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  • Author or Editor: A. Méndez x
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Summary

A stability-indicating liquid chromatographic (LC) method with UV detection was developed for the determination of doripenem in the marketed formulation (Doribax® 500 mg, powder for injection). A forced degradation study was conducted according to available guidelines and main references. Thermal, oxidizing, acidic and basic stress conditions were assayed to show the stability-indicating power of the method. Chromatographic separation was achieved using an isocratic elution method in a reversed-phase system using a mobile phase prepared from phosphate buffer and acetonitrile. Extensive degradation was observed under thermal, oxidative and basic treatment, and the products formed were detected without interference in the analysis of doripenem. To verify the efficiency of chromatographic run, the system suitability was studied. The theoretical plates (N = 5498.3) and tailing factor (tf = 0.951) were constant during repeated injections. The retention time of doripenem was 7.35 min and the method was validated within the concentration range 5–50 μg mL−1 (r = 0.999). Adequate results were obtained that indicate repeatability (RSD % = 1.03–1.37), inter-day precision (RSD % = 0.51) and accuracy. In comparison to spectrophotometric and microbiological methods, statistical analysis showed no significant difference between the obtained results. The proposed method was successfully applied to doripenem quantification, showing it is applicable to determine the antibiotic in the presence of degradation products and also that is a reliable method for routine analysis.

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Journal of Behavioral Addictions
Authors: Guilherme Borges, Ricardo Orozco, Corina Benjet, Kalina I. Martínez Martínez, Eunice Vargas Contreras, Ana Lucia Jiménez Pérez, Alvaro Julio Peláez Cedrés, Praxedis Cristina Hernández Uribe, María Anabell Covarrubias Díaz Couder, Raúl A. Gutierrez-Garcia, Guillermo E. Quevedo Chavez, Yesica Albor, Enrique Mendez, Maria Elena Medina-Mora, Philippe Mortier and Hans-Juergen Rumpf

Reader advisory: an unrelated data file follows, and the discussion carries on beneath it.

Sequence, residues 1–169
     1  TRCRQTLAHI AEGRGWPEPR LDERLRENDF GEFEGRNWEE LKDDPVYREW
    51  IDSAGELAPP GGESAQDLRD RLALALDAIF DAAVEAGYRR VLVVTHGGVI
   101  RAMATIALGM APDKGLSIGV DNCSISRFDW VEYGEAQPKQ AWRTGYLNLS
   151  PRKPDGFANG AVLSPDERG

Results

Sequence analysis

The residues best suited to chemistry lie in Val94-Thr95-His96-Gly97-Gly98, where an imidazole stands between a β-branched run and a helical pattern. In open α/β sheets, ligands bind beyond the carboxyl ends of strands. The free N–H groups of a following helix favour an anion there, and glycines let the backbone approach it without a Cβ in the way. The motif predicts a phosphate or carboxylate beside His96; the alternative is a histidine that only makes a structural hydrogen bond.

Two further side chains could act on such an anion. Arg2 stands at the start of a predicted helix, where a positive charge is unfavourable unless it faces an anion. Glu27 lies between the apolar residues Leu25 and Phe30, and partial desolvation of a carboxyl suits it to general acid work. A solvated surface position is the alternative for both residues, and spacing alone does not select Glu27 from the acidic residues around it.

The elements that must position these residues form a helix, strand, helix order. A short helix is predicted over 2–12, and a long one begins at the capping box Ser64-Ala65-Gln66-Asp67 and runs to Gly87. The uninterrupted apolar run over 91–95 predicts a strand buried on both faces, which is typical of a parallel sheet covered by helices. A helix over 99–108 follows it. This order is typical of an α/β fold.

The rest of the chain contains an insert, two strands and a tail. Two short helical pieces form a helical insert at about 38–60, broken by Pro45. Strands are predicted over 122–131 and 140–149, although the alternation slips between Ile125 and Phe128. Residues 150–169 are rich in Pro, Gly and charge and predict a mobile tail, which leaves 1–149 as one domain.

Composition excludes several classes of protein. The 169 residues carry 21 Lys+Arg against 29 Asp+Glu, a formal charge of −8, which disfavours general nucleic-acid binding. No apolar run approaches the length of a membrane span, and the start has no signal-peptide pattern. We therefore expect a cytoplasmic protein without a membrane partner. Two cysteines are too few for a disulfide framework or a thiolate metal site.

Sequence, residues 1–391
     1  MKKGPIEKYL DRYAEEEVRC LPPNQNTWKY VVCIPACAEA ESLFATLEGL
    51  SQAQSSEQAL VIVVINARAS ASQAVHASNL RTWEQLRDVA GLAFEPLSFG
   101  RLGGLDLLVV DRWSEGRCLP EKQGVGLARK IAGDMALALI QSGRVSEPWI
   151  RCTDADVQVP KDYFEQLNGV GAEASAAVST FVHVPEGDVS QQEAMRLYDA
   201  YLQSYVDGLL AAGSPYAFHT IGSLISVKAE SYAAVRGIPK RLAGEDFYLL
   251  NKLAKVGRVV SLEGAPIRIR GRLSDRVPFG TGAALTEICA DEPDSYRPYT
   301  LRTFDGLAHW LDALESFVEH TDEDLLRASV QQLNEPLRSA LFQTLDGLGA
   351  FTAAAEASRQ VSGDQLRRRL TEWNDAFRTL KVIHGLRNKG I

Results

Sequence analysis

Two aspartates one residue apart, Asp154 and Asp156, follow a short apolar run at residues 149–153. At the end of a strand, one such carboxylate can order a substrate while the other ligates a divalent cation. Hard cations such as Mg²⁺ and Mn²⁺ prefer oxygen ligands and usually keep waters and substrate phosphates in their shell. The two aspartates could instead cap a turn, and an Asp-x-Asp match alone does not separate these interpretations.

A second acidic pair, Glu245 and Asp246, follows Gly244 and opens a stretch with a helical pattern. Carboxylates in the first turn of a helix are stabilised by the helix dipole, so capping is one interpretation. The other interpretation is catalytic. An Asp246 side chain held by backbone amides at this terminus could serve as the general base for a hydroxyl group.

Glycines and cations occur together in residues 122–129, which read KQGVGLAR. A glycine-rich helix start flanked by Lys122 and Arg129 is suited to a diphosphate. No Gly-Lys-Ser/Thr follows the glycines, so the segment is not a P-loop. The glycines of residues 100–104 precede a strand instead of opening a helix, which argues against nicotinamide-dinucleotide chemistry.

Background and aims

DSM-5 includes Internet gaming disorder (IGD) as a condition for further study. While online and offline gaming may produce undesired negative effects on players, we know little about the nosology of IGD and its prevalence, especially in countries with emerging economies.

Methods

A self-administered survey has been employed to estimate prevalence of DSM-5 IGD and study the structure and performance of an instrument in Spanish to measure DSM-5 IGD among 7,022 first-year students in 5 Mexican universities that participated in the University Project for Healthy Students (PUERTAS), part of the World Health Organization’s World Mental Health International College Student Initiative.

Results

The scale for IGD showed unidimensionality with factor loadings between 0.694 and 0.838 and a Cronbach’s α = .816. Items derived from gaming and from substance disorders symptoms mixed together. We found a 12-month prevalence of IGD of 5.2% in the total sample; prevalence was different for males (10.2%) and females (1.2%), but similar for ages 18–19 years (5.0%) and age 20+ (5.8%) years. Among gamers, the prevalence was 8.6%. Students with IGD were more likely to report lifetime psychological or medical treatment [OR = 1.8 (1.4–2.4)] and any severe role impairment [OR = 2.4 (1.7–3.3)]. Adding any severe role impairment to the diagnostic criteria decreased the 12-month prevalence of IGD to 0.7%.

Discussion and conclusions

Prevalence of DSM-5 IGD and the performance of diagnostic criteria in this Mexican sample were within the bounds of what is reported elsewhere. Importantly, about one in every seven students with IGD showed levels of impairment that would qualify them for treatment under DSM-5.

Open access